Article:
• MUPOLYGON – Soils polygons
  • MUPOLYGON_TOP20 – Soils polygons with “top 20” attributes as described below
  • FEATLINE - Special soil features that are delineated as one or more lines
  • FEATPOINT - Special soil features that are delineated as one or more points
  • SAPOLYGON – Soil area index
  • 71 tables – Tabular data that may be linked to the feature classes, many via relationship classes inside the geodatabase. Some tables provide metadata on tables and columns in the database. The MDSTATTABS (Table Static Metadata) table records metadata about the tables that make up the tabular data set.
  • MapUnitRaster_10m – This image (raster) layer represents the soil map unit polygons in a raster format. Raster layers tend to display much more quickly and lend themselves to certain types of modeling with other raster layers such as landcover, landuse or elevation. Each cell value is represented by the integer version of the mapunit key (MUKEY). The standard character mapunit key (MUKEY) is also included so that the raster attribute table can be joined to other soil attribute tables.

Please see the SSURGO/STATSGO2 Structural Metadata and Documentation page for documents, diagrams, and reports that describe the SSURGO standard.

Attribution

Maps that use NRCS SSURGO data must show the source (NRCS) and date and, space permitting, contain the following notation:

"This Soil Survey Geographic (SSURGO) data base was produced by the U.S. Department of Agriculture, Natural Resources Conservation Service and cooperating agencies for the Soil Survey of _______ County, (state). The soils were mapped at a scale of ______ with a _______ acre minimum size delineation. Enlargement of these maps to scales greater than that at which they were originally mapped can cause misunderstanding of the detail of mapping. If enlarged, maps do not show the small areas of contrasting soil that could have been shown at a larger scale. The depicted soil boundaries and interpretations derived from them do not eliminate the need of onsite sampling, testing, and detailed study of specific sites for intensive uses. Thus, this map and its interpretations are intended for planning purposes only. Digital data files are periodically updated. Files are dated, and users are responsible for obtaining the latest version of the data."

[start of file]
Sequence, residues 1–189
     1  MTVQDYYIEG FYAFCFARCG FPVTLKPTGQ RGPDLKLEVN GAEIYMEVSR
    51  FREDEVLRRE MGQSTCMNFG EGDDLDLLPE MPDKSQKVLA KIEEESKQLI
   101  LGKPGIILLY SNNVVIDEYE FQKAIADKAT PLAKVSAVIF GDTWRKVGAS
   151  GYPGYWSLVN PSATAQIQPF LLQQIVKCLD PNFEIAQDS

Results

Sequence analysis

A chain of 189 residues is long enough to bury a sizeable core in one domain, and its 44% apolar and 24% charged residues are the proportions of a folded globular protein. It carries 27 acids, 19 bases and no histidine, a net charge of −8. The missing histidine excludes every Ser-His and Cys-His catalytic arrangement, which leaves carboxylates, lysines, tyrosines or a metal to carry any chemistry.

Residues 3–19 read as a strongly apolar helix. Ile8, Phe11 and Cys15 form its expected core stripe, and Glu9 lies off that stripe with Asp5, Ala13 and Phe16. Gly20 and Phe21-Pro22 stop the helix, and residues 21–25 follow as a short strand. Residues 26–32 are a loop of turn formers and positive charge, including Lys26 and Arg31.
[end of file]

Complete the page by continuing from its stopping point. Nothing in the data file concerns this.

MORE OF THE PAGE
Scale and minimum mapping unit, along with all other details of production and editing of both the spatial and attribute data, may be found at https://www.nrcs.usda.gov/wps/portal/nrcs/main/ma/soils/surveys/, as well as in the  metadata that accompanies the data downloaded from the Web Soil Survey.

Limitations on Use

This data set is not designed for use as a primary regulatory tool in permitting or siting decisions but may be used as a reference source. This is public information and may be interpreted by organizations, agencies, units of government, or others based on needs; however, they are responsible for the appropriate application. Federal, State, or local regulatory bodies are not to reassign to the Natural Resources Conservation Service any authority for the decisions that they make. The Natural Resources Conservation Service will not perform any evaluations of these maps for purposes related solely to State or local regulatory programs.

Photographic or digital enlargement of these maps to scales greater than at which they were originally mapped can cause misinterpretation of the data. If enlarged, maps do not show the small areas of contrasting soils that could have been shown at a larger scale. The depicted soil boundaries, interpretations, and analysis derived from them do not eliminate the need for onsite sampling, testing, and detailed study of specific sites for intensive uses. Thus, these data and their interpretations are intended for planning purposes only. Digital data files are periodically updated. Files are dated, and users are responsible for obtaining the latest version of the data.

Attributes

Soils Polygons

Each SOILS_MUPOLYGON_TOP20 polygon contains the following fields:

Field Name

Alias

Description

AREASYMBOL

Area Symbol

Soil Survey Area Symbol

SPATIALVER

Spatial Version

A sequential integer number used to denote the serial version of the spatial data for a soil survey area

MUSYM

Map Unit Symbol